# Current rating for an 8 wire stepper motor with coils connected in series

1. ## Current rating for an 8 wire stepper motor with coils connected in series

Hi. I have an 8 wire stepper motor which I have connected the coils in series to run off an A4988 driver.

The rating on the back of the motor is 5V 1A

I am driving it with a 20 volt supply. To adjust the current I set the driver stepping once every 5 seconds and measured the current through one of the coil pairs and adjusted the A4988 until the current was 1.02 Amps.

All works wonderful except the motor gets too hot to touch. WHY?

I am wondering if for the case of connecting the coils in series, should I only be using half the rated current or something.

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2. ## Re: Current rating for an 8 wire stepper motor with coils connected in series

Hi,

Possible problems
* wrong temperature expectation (it's normal that they get hot. 1A is the upper limit)
* wrong wiring. Maybe too many coils get current (see datasheet about wiring, current limit conditions)
* wrong current measurement

Current:
Average current measurement in a stepper motor gives the information about expectable torque.
RMS current gives the information about coil heating.

With low ripple (almost DC current) average current and RMS current are almost identical.
If there is high ripple current, then RMS current will be (much) higher than average current.

I assume you do a kind of average current measurement. Then 1.08A average current will cause higher RMS current and thus higher temperature rise.

Mind: Let's assume the RMS current is 20% higher than rated (1.2A) .. this will cause 1.2 x 1.2 = 1.44 times dissipated power and thu about 1.44 time higher temperature rise.

Additionally higher ambient temperature, less air flow, bearing heating and loss in magnetic core will increase temperature.

Klaus

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3. ## Re: Current rating for an 8 wire stepper motor with coils connected in series

I am wondering if for the case of connecting the coils in series, should I only be using half the rated current or something.
I guess yes. But without a detailed datasheet, it's impossible to decide clearly how the 5V/1A specification is meant.

I guess, the purpose of the "8-wire" configuration is to allow either unipolar or bipolar connection. If so, bipolar operation would connect two windings in parallel, or apply half the current in series circuit.

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4. ## Re: Current rating for an 8 wire stepper motor with coils connected in series

Thanks Guys. Looks like there is no hard and fast rule. Can't find a datasheet so will work on the premise that if it is not too hot it is not too hot.

5. ## Re: Current rating for an 8 wire stepper motor with coils connected in series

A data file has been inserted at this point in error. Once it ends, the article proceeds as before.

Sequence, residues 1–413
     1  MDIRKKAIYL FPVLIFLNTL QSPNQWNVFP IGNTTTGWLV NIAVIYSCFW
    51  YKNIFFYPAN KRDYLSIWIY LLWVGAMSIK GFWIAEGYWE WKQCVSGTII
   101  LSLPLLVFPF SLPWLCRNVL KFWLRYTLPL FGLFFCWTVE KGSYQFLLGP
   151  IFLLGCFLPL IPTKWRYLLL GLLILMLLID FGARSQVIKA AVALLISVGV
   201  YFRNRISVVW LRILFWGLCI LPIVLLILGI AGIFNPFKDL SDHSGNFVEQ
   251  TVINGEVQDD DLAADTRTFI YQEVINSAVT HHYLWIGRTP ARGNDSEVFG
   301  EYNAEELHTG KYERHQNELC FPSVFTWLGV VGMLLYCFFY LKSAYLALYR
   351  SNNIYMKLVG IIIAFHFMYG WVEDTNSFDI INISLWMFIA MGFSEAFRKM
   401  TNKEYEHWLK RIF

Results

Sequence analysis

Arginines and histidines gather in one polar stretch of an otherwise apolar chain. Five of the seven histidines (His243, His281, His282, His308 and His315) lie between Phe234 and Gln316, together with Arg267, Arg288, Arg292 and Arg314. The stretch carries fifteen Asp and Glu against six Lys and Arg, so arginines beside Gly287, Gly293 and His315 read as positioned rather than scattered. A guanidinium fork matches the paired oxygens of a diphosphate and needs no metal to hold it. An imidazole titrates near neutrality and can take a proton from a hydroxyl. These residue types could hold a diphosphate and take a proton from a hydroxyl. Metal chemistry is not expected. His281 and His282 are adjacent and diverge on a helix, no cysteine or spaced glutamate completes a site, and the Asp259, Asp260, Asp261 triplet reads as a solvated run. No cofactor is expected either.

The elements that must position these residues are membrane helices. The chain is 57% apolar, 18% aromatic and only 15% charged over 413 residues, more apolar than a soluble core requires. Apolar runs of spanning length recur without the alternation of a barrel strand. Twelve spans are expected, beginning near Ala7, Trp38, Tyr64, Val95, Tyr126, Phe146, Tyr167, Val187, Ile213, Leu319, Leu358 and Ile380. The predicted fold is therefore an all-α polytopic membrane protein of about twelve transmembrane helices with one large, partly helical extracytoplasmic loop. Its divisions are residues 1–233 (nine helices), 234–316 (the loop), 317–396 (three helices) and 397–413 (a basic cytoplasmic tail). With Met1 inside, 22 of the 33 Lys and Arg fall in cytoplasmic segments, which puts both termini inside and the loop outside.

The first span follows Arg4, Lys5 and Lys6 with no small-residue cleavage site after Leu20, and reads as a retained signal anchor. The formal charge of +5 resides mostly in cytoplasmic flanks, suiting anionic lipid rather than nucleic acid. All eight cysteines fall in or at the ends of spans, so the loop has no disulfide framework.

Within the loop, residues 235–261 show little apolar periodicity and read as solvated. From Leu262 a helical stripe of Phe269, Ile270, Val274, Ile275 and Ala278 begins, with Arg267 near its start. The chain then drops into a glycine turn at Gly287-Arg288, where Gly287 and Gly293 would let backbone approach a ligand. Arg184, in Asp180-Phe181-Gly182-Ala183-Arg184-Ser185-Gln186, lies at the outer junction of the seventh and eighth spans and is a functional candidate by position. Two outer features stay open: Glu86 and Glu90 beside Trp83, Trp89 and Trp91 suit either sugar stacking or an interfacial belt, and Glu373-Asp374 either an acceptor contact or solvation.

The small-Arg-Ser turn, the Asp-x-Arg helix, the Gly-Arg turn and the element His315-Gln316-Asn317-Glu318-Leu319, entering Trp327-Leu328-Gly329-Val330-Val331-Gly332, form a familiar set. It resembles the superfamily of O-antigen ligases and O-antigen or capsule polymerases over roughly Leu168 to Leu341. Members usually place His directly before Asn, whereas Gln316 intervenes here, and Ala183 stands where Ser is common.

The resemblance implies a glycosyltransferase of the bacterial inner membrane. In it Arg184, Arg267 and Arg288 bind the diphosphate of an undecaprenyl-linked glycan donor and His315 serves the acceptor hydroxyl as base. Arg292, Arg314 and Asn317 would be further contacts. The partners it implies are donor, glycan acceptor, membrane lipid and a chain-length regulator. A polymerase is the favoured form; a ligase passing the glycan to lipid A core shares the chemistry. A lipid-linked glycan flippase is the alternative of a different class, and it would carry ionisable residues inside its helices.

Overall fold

Can't find a datasheet so will work on the premise that if it is not too hot it is not too hot.
Motors can run at high temp but this is actually limited by the insulations on the windings and they can get cooked at high temp (say much above 100C)

We can estimate the expected temp rise: the motor will dissipate at worst condition 5W (5V @1A) and the heat will be dissipated (mostly by radiation) from the surface.

If the motor is physically small (5V 1A motors are not really large) the case temp may rise upto 100C (too hot to touch) but this will be the worst case.

Perhaps the 20V is too much (even if you regulate the current); are you driving it too fast or too slow (both are extreme and make lots of heat).

What is the DC coil resistance for each section? Does the 8 wires come from 8 individual coils?

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6. ## Re: Current rating for an 8 wire stepper motor with coils connected in series

Originally Posted by c_mitra
Motors can run at high temp but this is actually limited by the insulations on the windings and they can get cooked at high temp (say much above 100C)

We can estimate the expected temp rise: the motor will dissipate at worst condition 5W (5V @1A) and the heat will be dissipated (mostly by radiation) from the surface.

If the motor is physically small (5V 1A motors are not really large) the case temp may rise upto 100C (too hot to touch) but this will be the worst case.

Perhaps the 20V is too much (even if you regulate the current); are you driving it too fast or too slow (both are extreme and make lots of heat).

What is the DC coil resistance for each section? Does the 8 wires come from 8 individual coils?
Thanks c_mitra.

It was an 8 stepper with 4 coils each a DC resistance of 5 ohms. So with them connected in series there are two coils of 10 ohms each.

It is a stepping motor so not sure if speed is a factor. The coils are on all the time with a constant current of 1 amp whatever the load. Except when the current direction is being switched

The higher voltage of 20 V is used to decrease the time it takes for the coil current to reach 1 amp.

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